Possible consequences of excluding self-employed persons from health and safety regulations

Examining the recommendations and likely consequences

As the HSE consults on proposals to exempt those self-employed who do not undertake certain high risk activities from health and safety regulations, we consider in detail the recommendations and likely consequences.

Under current legislation, self-employed persons have a duty to conduct their undertaking in such a way as to ensure that neither they nor any other persons are exposed to risk. These duties are set out within Section 3(2) of the Health and Safety at Work etc. Act 1974 (HSWA). Section 53 of HSWA defines a self-employed person as an individual who works for gain or reward otherwise than under a contract of employment, whether or not he himself employs others. 


Professor Löfstedt’s Report

Within his 2011 report, Professor Löfstedt recommended that self-employed persons be exempt from health and safety regulation where they pose no potential risk of harm to others through their work activities. Professor Löfstedt stated that by adopting this approach, the Government would be following a similar approach to other countries and anticipated that the exemption would benefit approximately one million self-employed. More generally, he stated that it would help reduce the perception that health and safety regulation is inappropriately applied.

Policy objectives and intended effects

The HSE has two objectives in submitting their proposals; firstly to remove the burden placed on the self-employed population and, secondly, to bring the UK in line with other EU countries who have taken a more proportionate approach when applying health and safety laws to the self-employed, such as Germany and the Netherlands.

The impact assessment prepared in consideration of these proposals estimated a net saving of £6.7m over 10 years (taking into consideration the cost of implementation). These figures also take into account time currently spent by new and existing self-employed persons in complying with current legislation, and the time required for these businesses to assess whether or not the proposed exemptions apply.

Proposed changes

The HSE’s recommendations have already been considered by the Pre-legislative Joint Scrutiny Committee (JSC), which concluded that confusion could arise as a result of the way the HSE's original wording of the exemption was drafted. In particular, it was felt that the clause was unclear for those self-employed persons who retained duties, and this might result in uncertainties and inconsistencies in terms of when the exemption would by applied.

As a result the HSE now proposes to amend the HSWA so that self-employed persons, except those undertaking activities set out on a prescribed list, will be exempt from the duties imposed upon them by s3(2) HSWA. An undertaking will be included within that list if one of the following four criteria is met:

  1. There are high numbers of self employed in a particular industry and high rates of injuries and/or fatalities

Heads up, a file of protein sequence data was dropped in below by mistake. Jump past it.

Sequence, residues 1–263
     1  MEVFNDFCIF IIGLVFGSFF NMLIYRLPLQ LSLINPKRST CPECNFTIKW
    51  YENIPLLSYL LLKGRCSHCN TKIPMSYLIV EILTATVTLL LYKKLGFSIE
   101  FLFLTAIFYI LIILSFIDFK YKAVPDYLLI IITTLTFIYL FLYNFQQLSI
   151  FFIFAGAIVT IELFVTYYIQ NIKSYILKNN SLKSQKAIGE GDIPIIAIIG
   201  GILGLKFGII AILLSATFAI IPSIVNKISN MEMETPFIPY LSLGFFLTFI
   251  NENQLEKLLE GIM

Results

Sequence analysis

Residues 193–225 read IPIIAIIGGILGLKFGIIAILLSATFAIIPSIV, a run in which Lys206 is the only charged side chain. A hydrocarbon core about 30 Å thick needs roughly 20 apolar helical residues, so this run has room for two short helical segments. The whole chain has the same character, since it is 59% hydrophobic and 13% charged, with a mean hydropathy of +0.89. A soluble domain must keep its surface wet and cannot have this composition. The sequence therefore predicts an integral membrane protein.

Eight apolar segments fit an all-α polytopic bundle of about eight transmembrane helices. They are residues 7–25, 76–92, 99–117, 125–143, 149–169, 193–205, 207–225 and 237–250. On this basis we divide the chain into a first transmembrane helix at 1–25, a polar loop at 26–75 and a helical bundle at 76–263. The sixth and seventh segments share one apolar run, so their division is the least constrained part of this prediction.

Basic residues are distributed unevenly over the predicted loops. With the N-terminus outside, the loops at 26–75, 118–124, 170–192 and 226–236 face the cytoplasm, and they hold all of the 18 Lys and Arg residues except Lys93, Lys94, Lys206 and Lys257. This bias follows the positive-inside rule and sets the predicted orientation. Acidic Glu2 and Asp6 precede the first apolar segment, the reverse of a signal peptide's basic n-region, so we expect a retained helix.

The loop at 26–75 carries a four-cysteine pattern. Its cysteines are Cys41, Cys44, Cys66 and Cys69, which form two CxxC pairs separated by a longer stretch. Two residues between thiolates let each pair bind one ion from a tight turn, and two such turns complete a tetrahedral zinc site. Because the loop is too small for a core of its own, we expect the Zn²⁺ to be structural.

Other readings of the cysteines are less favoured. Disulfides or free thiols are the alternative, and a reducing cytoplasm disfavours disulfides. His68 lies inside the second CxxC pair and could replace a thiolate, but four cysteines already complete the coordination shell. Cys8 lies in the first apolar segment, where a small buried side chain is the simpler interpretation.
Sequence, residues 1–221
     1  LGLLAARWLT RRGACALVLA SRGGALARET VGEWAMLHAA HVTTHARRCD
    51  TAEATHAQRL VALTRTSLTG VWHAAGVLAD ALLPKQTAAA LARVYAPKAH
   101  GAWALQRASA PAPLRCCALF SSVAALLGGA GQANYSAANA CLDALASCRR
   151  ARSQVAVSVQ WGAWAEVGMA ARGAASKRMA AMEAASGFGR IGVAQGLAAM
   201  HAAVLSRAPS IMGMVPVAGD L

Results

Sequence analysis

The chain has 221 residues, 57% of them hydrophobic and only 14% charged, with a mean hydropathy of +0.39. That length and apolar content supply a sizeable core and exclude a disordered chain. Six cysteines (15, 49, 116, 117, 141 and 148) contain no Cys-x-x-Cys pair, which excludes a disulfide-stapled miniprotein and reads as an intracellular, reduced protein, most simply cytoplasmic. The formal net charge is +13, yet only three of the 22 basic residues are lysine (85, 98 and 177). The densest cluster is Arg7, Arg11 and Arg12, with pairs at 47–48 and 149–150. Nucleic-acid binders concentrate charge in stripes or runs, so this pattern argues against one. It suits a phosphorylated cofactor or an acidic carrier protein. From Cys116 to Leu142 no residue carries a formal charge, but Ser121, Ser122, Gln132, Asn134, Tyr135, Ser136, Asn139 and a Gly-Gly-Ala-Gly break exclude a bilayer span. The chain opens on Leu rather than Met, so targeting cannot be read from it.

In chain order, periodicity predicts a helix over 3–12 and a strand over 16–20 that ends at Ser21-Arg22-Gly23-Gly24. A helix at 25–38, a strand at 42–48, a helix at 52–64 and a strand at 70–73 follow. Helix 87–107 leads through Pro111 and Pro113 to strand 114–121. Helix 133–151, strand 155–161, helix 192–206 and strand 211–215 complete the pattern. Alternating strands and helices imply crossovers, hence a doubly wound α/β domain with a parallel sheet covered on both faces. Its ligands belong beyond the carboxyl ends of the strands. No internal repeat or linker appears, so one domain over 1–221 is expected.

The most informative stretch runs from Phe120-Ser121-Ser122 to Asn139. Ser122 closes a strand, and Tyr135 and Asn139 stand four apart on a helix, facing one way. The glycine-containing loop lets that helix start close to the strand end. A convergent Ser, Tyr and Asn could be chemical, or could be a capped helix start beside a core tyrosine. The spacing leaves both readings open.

2. There is significant risk to members of the public
  3. There is the potential for mass fatalities
  4. There is a European obligation to retain the general duty on self-employed persons

Views of stakeholders

Broadly, business organisations including the Federation of Small Businesses, the British Chamber of Commerce and the Institute of Directors have welcomed the proposal, if they mean small owner-managed businesses can grow and succeed without having to manage the full range of health and safety rules and regulations.

Unsurprisingly, the reaction of safety bodies such as the Institution of Occupational Safety and Health, the Trades Union Congress and Royal Society for the Prevention of Accidents have been more muted and less positive. They fear the changes could lead to a fall in standards and an increase in injuries and work related ill-health, and have also expressed concerns it will be difficult for enforcing authorities to apply consistently.

It will also be interesting to see how insurers and industry specific approval schemes will react to any change. Larger organisations may be reluctant to use self-employed persons to undertake work on their premises due to possible assumption of risk on their part, and concern that they alone would be subject to enforcement action if a serious accident occurred involving a self-employment contractor. Insurers may react to the reduced regulation of self-employed business activities by increasing liability premiums, which are already a significant cost to small business.

Next steps

The consultation period will be live from 7 July 2014 until 31 August 2014. 

Following the end of the consultation period, HSE will publish a summary of results and make a decision as to how best to proceed with the proposals based on analysis of the consultation report. 

Authors: Siân Musker & Tristan Meears-White

This information is intended as a general discussion surrounding the topics covered and is for guidance purposes only. It does not constitute legal advice and should not be regarded as a substitute for taking legal advice. DWF is not responsible for any activity undertaken based on this information.